The giant blackhole at the core of the Milky Way became 75 times brighter in just 2 hours, and scientists have no idea why

Compared to an active nucleus which spews out light and heat, Sagittarius A*, the supermassive black hole at the heart of the Milky Way, is usually quite calm, displaying minimal fluctuations in its brightness.

On May 13 scientists observing with the Keck Telescope on the summit of Mauna Kea in Hawaii noticed the black hole growing 75 times brighter in the near-infrared band of the light spectrum. Sgr A* is the closest black hole to us, located just 26,000 light-years from Earth.

A time lapse was captured showing the scene condensed down into a few seconds:

Tuan Do, a UCLA astronomer told ScienceAlert that he didn’t even know what he was looking at initially.

He explained:

I was pretty surprised at first and then very excited.

The black hole was so bright I at first mistook it for the star S0-2, because I had never seen Sgr A* that bright. Over the next few frames, though, it was clear the source was variable and had to be the black hole. I knew almost right away there was probably something interesting going on with the black hole.

In a forthcoming study set to be published in The Astrophysical Journal Letters, Do explains the Milky Way’s supermassive black hole ‘reached much brighter flux levels in 2019 than ever measured at near-infrared wavelengths’.

The scientists are still unsure about what exactly caused the black hole to suddenly light up but data is being gathered in an attempt to figure it out.

According to ScienceAlert, black holes themselves don’t emit radiation which we can detect but the surroundings do when the black hole’s gravitational forces generate immense friction, which produces radiation.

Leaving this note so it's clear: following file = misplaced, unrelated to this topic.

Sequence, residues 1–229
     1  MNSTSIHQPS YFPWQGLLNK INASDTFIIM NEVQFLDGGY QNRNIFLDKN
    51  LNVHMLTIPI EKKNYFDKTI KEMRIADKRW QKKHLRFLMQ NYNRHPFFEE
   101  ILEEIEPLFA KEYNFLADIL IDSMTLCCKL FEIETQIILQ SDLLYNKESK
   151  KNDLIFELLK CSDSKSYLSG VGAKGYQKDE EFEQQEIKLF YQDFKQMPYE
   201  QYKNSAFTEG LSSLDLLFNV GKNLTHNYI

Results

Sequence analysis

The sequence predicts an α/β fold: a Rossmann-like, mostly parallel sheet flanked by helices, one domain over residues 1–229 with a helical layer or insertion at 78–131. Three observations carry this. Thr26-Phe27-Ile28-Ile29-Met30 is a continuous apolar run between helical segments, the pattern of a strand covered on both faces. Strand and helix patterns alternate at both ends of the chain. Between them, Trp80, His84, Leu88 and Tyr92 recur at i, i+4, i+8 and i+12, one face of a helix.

The radiation translates as brightness when we view it with a telescope so when the surroundings of a black hole flare like they did on May 13 it’s a sign something may have come close enough to be grabbed by its gravity.

One possibility is an object thought to be a gas cloud, known as G2, which approached within 36 light-hours of Sagittarius A* in 2014. If it is a gas cloud the proximity should have torn the object apart, but nothing happened. However, scientists have suggested the recent sudden brightness was a delayed reaction.

Keck/UCLA Galactic Center Group

Another possibility is the star S0-2, which is on a 16-year elliptical orbit around Sgr A* and last year made its closest approach.

Do said:

One of the possibilities is that the star S0-2, when it passed close to the black hole last year, changed the way gas flows into the black hole and so more gas is falling on it, leading it to become more variable.

Astronomers will continue to observe the supermassive black hole in the coming weeks to gather more data and the team are currently awaiting results from other telescopes which have been observing Sgr A* in the last few months.